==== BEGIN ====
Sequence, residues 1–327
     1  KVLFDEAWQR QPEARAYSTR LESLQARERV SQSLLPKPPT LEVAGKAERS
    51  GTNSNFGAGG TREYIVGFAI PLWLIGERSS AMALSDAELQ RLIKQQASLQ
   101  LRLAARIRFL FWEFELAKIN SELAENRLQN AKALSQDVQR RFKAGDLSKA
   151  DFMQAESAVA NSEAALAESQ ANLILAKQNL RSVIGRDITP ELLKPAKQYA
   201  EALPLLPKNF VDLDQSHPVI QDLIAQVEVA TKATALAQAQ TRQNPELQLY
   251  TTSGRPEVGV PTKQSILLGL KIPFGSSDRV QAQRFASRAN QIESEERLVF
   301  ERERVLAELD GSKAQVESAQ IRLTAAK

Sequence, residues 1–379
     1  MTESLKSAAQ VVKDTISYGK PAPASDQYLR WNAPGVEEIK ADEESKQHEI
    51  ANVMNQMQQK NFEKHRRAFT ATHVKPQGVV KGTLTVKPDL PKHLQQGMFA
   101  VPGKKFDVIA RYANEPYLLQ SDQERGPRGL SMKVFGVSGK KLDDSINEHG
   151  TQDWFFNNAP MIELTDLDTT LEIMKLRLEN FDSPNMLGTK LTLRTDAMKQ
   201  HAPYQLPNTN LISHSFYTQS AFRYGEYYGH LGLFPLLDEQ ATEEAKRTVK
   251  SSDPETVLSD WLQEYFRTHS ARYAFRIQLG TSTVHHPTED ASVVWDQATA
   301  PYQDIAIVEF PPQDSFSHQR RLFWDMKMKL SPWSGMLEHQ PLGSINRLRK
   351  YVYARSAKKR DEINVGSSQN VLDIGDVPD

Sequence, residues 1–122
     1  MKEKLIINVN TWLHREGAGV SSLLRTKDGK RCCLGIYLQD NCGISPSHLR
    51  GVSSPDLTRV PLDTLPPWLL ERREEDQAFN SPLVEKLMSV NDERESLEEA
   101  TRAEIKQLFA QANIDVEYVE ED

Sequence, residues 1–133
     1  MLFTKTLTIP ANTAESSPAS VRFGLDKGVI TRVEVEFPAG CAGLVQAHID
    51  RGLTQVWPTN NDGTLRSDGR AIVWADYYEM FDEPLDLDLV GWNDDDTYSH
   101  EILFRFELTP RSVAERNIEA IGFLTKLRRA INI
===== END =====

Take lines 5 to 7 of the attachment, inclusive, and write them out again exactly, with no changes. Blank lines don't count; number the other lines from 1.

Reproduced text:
   151  DFMQAESAVA NSEAALAESQ ANLILAKQNL RSVIGRDITP ELLKPAKQYA
   201  EALPLLPKNF VDLDQSHPVI QDLIAQVEVA TKATALAQAQ TRQNPELQLY
   251  TTSGRPEVGV PTKQSILLGL KIPFGSSDRV QAQRFASRAN QIESEERLVF